FTC announces NPE investigation, possible antitrust action

After receiving a round of comments, the Federal Trade Commission (FTC) Chairwoman Edith Ramirez recently announced that she will ask the commission to conduct a Section 6(b) investigation into the business practices of non-practicing entities (NPEs), and promised to use its antitrust enforcement powers if those findings show that enforcement is warranted.

Section 6(b) would allow the FTC to issue subpoenas to NPEs to investigate their activities. The New York Times reported last week that the FTC’s inquiry will require NPEs to answer questions about how they conduct their operations, including specifically questions into ownership and coordination of enforcement with other patent holders. For example, the inquiry seeks to find out if and how NPEs funnel settlement and licensing proceeds back to the original patent owner. Ramirez’s comments suggest that the low hanging fruit the commission is aiming for in its initial foray into patent litigation is a call for more transparency. For example, are some NPEs fighting a proxy war with its beneficiary’s competitor?
The FTC appears to be setting its sights on “bad actors”–and not looking to curtail NPEs in general. Ramirez acknowledged that there are “plausible upsides” to NPEs. For example, they can provide value to startup companies that tried, but failed, to successfully bring their inventions to market. If those inventions were protected by patents, the investors have an opportunity to still make a return on their money. Bringing this cycle full circle, the risk protection afforded by patents may encourage investors to fund new companies’ efforts to commercialize their inventions. Ramirez noted that these benefits are not present in certain kinds of conduct by some NPEs.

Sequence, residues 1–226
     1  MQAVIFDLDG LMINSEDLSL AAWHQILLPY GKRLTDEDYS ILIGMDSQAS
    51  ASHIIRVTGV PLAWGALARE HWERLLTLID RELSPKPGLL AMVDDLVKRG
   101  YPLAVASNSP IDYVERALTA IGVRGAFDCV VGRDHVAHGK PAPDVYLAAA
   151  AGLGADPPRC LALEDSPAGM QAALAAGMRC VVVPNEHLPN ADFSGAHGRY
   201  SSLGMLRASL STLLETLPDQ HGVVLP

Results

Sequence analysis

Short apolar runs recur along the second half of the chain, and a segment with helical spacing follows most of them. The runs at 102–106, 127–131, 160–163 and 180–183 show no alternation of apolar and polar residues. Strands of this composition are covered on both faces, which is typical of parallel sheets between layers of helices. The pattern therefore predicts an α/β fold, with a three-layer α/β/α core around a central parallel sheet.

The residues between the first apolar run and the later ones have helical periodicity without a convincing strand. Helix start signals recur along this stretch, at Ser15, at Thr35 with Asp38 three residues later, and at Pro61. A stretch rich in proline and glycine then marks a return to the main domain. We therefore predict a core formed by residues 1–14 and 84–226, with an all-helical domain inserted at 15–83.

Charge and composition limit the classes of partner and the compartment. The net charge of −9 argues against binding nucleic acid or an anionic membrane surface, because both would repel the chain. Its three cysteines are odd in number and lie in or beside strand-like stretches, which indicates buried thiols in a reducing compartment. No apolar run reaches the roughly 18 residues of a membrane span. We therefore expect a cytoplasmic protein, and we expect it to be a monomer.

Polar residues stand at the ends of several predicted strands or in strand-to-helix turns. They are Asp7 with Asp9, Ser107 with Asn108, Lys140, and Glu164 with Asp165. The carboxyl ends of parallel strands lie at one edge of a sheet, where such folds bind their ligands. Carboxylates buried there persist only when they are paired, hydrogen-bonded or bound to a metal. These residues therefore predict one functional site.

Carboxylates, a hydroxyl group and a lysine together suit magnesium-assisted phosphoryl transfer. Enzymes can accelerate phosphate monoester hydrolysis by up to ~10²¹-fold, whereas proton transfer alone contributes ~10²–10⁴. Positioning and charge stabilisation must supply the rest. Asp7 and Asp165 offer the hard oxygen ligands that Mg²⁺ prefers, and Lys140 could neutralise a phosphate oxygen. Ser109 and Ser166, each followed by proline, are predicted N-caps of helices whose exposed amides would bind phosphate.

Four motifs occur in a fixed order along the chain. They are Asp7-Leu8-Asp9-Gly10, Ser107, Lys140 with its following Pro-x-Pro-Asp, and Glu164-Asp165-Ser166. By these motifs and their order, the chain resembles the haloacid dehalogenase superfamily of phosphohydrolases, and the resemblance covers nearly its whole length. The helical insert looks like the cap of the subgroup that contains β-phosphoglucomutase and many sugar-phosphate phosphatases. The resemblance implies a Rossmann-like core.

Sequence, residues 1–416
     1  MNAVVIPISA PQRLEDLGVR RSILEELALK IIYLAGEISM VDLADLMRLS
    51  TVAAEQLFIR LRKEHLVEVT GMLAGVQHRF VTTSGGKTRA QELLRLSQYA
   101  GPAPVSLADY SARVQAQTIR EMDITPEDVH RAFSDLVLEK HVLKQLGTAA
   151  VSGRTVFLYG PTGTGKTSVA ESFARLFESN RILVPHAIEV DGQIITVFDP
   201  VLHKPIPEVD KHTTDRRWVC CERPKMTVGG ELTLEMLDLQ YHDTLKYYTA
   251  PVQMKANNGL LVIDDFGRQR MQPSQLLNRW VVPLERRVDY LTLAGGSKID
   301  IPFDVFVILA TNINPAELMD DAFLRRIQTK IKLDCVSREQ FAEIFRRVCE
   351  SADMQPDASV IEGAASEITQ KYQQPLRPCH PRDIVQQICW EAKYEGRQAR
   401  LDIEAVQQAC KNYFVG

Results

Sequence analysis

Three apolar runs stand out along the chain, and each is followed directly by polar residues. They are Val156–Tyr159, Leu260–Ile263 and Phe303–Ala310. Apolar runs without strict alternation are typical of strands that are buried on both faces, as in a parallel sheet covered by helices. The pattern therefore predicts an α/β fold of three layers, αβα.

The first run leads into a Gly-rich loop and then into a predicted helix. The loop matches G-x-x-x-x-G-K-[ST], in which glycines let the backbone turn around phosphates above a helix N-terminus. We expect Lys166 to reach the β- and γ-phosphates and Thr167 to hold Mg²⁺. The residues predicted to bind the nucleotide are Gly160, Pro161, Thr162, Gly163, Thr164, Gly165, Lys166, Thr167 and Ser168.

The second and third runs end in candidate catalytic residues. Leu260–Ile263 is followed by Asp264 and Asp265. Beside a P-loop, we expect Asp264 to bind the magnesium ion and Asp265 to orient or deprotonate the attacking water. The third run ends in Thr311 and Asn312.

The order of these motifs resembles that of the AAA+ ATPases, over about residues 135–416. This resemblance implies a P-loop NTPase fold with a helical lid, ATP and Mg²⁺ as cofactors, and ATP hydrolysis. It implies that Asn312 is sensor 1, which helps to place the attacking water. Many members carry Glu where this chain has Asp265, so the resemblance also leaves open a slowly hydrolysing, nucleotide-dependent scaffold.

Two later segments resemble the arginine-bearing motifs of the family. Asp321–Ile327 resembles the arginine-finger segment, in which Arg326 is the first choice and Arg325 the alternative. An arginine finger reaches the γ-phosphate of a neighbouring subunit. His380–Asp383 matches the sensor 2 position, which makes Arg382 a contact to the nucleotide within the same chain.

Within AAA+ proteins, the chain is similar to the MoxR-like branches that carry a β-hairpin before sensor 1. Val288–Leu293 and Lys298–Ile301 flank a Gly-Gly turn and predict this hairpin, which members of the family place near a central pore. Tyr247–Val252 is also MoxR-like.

Ramirez said that the issue the commission faces at this point is a dearth of analysis of the cost and benefits of NPEs. A goal of this inquiry, she said, would be “to collect more comprehensive information on a variety of PAE business models and the scope of their activities.” Thus, the FTC’s investigation will focus on trying to answer the question of whether NPEs serve the purposes of patent protection: do they “encourage invention or instead hamper innovation and competition.” Ramirez did not call for targeted efforts at specific NPEs at this stage.

Ramirez also noted that over half of lawsuits that NPEs have filed recently were against non-techology companies–such as financial services companies or brick-and-mortar retailers with an Internet presence–that are merely users of the accused technology.

The FTC statement comes on the heels of a workshop in December of last year jointly hosted by the FTC and the Department of Justice Antitrust Division. It also follows on a series of government announcements that have put a spotlight on the conduct of NPEs and their varying effects on patent litigation and innovation in the industry. And earlier this month, President Obama issued a series of executive orders, and several proposed bills have been circulating in Washington.